I chose this Mathalicious lesson because we have not used circles enough in my geometry classes. We stared the school year with constructions, but haven’t used them much this semester and I wanted them to recall and extend prior learning. I also wanted students to gain more experience modeling real world scenario’s with mathematics & I thought this task would be engaging do to it’s relevance to students lives. I started off showing the introductory video clip which is a news story of a woman explaining how photos taken with a cell phone include GPS data and how your cell phone records your location. I was surprised that ALL of my geometry students were furious at this video. They thought this lady was dumb for being surprised because “…everybody knows that you can turn on and off the location settings on your phone!” one student argued that if this woman in this video was her mother, she would be furious at her for being so clueless. It was great because it got very intense, and I had no idea how savvy students are with their cell phones. After this discussion died down students inevitably asked: “Wait, what are we doing today? Are we learning how to stalk people with their phones?” and “Mrs B, you are so weird.” Also “This is going to be awesome!” They were hooked.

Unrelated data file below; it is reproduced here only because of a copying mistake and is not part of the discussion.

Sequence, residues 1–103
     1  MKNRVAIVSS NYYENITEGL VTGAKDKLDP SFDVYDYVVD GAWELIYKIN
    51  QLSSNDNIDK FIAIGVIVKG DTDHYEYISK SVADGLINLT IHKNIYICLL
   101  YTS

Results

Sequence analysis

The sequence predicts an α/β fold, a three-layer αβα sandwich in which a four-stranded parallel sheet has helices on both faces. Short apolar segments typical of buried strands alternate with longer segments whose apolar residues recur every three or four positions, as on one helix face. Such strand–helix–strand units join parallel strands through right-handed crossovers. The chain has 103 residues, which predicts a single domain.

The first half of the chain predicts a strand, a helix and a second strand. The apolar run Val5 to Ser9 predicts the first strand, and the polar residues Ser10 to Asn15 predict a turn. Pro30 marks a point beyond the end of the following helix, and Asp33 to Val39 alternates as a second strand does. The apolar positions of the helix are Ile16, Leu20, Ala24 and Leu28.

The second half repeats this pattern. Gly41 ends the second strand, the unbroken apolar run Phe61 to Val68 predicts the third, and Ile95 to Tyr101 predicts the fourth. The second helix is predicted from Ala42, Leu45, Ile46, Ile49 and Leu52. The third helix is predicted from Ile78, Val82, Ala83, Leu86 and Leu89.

I don’t want to describe the entire lesson in too much detail because I want you to support Mathalicious and their quality activities, but students constructed circles on a map to determine possible locations of a person in relation to a few cell towers. The lesson also discussed coverage vs locate-ability and students had to use estimation & area formulas in order to draw conclusions and also to determine and justify where they would add a cell tower in a city if they were in charge of making the decision. The only thing I would change for next school year is that I would modify the lesson to use our town and cell tower locations locally to make this more relevant and less hypothetical. Students were engaged and it was a good way to use student interest and incorporate modeling at the end of a school year when motivation is typically pretty low.